Refractory coeliac diease (RCD). RCD or non-strict gluten-free diet can be two cause of failure of AGA to return to normality on the GF diet. The first instance lymphocytes may remain stimulated even though the antigen that originally stimulated them was removed from the diet.

Diagnostic serology

Anti-gliadin antibodies were one of the first serological markers for coeliac disease. Problematic with AGA is the typical sensitivity and specificity was about 85%. Gliadin peptides which are senthesized as the deamidated form have much higher sensitivity and specificity, creating 2 serological tests for CD that approach biopsy diagnostic in performance.[10][11]


This article is part of
the Gluten sensitivity
Coeliac Disease
GSE associated conditions
Gluten allergies
Gluten-sensitive idiopathic neuropathies
Anti-gliadin antibodies
Anti-transglutaminase antibodies
Triticeae glutens
  1. ^ Volta U, Cassani F, De Franchis R, et al (1984). "Antibodies to gliadin in adult coeliac disease and dermatitis herpetiformis". Digestion 30 (4): 263-70. PMID 6391982.
  2. ^ Volta U, Lenzi M, Lazzari R, et al (1985). "Antibodies to gliadin detected by immunofluorescence and a micro-ELISA method: markers of active childhood and adult coeliac disease". Gut 26 (7): 667-71. PMID 3894169.
  3. ^ Bateman EA, Ferry BL, Hall A, Misbah SA, Anderson R, and Kelleher P. (2004). "IgA antibodies of coeliac disease patients recognise a dominant T cell epitope of A-gliadin.". Gut. 53 (9): 1274-1278. PMID 15306584.
  4. ^ Hadjivassiliou M, Gibson A, Davies-Jones GA, Lobo AJ, Stephenson TJ, Milford-Ward A (1996). "Does cryptic gluten sensitivity play a part in neurological illness?". Lancet 347 (8998): 369-71. PMID 8598704.
  5. ^ Crabbé P, Heremans J (1967). "Selective IgA deficiency with steatorrhea. A new syndrome". Am J Med 42 (2): 319-26. PMID 4959869.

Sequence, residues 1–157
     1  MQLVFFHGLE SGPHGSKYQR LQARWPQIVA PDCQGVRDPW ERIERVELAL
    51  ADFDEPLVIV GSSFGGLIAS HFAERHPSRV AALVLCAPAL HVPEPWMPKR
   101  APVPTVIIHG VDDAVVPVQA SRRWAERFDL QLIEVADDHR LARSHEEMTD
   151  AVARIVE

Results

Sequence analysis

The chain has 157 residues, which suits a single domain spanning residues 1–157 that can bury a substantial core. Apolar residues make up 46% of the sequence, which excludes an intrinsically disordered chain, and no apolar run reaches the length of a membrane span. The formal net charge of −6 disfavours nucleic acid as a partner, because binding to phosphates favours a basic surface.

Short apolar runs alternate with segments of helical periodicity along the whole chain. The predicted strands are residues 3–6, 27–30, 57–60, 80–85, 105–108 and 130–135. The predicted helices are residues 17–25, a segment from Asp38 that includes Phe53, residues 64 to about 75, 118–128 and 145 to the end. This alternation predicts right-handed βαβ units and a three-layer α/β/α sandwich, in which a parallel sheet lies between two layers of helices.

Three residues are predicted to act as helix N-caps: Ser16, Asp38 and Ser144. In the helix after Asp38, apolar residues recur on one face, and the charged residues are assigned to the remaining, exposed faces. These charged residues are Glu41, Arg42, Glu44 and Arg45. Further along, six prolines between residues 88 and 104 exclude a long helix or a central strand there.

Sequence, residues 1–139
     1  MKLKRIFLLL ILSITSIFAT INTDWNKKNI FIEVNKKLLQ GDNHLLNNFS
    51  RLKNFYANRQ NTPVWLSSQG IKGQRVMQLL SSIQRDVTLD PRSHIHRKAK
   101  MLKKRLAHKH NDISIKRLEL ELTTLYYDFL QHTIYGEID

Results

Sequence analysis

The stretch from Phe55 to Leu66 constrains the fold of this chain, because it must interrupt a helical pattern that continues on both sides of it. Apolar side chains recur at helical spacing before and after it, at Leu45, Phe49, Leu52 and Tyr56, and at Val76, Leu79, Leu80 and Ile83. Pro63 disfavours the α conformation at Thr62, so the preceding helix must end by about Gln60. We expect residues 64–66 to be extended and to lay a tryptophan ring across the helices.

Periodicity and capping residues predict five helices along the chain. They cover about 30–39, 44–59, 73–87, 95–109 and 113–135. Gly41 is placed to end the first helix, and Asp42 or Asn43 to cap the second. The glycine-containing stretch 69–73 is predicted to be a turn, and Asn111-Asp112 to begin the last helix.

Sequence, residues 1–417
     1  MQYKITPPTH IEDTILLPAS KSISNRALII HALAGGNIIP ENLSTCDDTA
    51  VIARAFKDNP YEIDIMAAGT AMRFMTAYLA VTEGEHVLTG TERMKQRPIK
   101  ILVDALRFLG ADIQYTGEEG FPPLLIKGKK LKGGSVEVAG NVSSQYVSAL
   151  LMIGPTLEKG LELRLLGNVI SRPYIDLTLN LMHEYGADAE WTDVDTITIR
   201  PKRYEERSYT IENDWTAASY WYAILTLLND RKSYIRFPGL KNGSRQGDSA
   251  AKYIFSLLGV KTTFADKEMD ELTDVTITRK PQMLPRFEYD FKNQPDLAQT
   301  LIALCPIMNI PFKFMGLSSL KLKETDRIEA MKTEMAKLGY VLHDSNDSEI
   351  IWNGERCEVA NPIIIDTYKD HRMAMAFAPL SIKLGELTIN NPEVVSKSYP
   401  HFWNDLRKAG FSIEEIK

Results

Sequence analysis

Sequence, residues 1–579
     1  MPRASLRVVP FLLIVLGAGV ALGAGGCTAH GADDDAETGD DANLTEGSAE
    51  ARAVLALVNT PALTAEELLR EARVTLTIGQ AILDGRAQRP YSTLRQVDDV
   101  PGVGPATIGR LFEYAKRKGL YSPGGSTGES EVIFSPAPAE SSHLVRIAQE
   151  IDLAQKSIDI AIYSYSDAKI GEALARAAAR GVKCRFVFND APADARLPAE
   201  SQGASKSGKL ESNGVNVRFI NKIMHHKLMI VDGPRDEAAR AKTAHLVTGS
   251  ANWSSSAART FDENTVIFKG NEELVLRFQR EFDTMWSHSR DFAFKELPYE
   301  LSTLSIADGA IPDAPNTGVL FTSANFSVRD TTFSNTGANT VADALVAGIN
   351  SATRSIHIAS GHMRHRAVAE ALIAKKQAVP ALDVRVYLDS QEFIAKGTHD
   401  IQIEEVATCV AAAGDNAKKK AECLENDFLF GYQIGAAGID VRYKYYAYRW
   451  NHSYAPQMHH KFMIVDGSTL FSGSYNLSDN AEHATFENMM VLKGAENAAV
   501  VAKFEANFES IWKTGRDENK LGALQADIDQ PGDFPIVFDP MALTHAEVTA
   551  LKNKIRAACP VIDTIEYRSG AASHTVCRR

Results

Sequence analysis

6. ^ Tucker NT, Barghuthy FS, Prihoda TJ, Kumar V, Lerner A, Lebenthal E (1988). "Antigliadin antibodies detected by enzyme-linked immunosorbent assay as a marker of childhood celiac disease". J. Pediatr. 113 (2): 286-9. PMID 3397791.
  7. ^ Collin P, Mäki M, Keyriläinen O, Hällström O, Reunala T, Pasternack A (1992). "Selective IgA deficiency and coeliac disease". Scand J Gastroenterol 27 (5): 367-71. PMID 1529270.
  8. ^ Matsuo H, Morita E, Tatham AS, Morimoto K, Horikawa T, Osuna H, Ikezawa Z, Kaneko S, Kohno K, and Dekio S. (2004). "Identification of the IgE-binding epitope in omega-5 gliadin, a major allergen in wheat-dependent exercise-induced anaphylaxis.". J Biol Chem. 279 (13): 12135-12140. PMID 14699123.
  9. ^ Denery-Papini S, Lauriére M, Branlard G, et al (2007). "Influence of the allelic variants encoded at the Gli-B1 locus, responsible for a major allergen of wheat, on IgE reactivity for patients suffering from food allergy to wheat". J. Agric. Food Chem. 55 (3): 799-805. doi:10.1021/jf062749k. PMID 17263477.
  10. ^ PubMed
  11. ^ Antibody Recognition against Native and Selectively Deamidated Gliadin Peptides
This article is licensed under the GNU Free Documentation License. It uses material from the Wikipedia article "Anti-gliadin_antibodies". A list of authors is available in Wikipedia.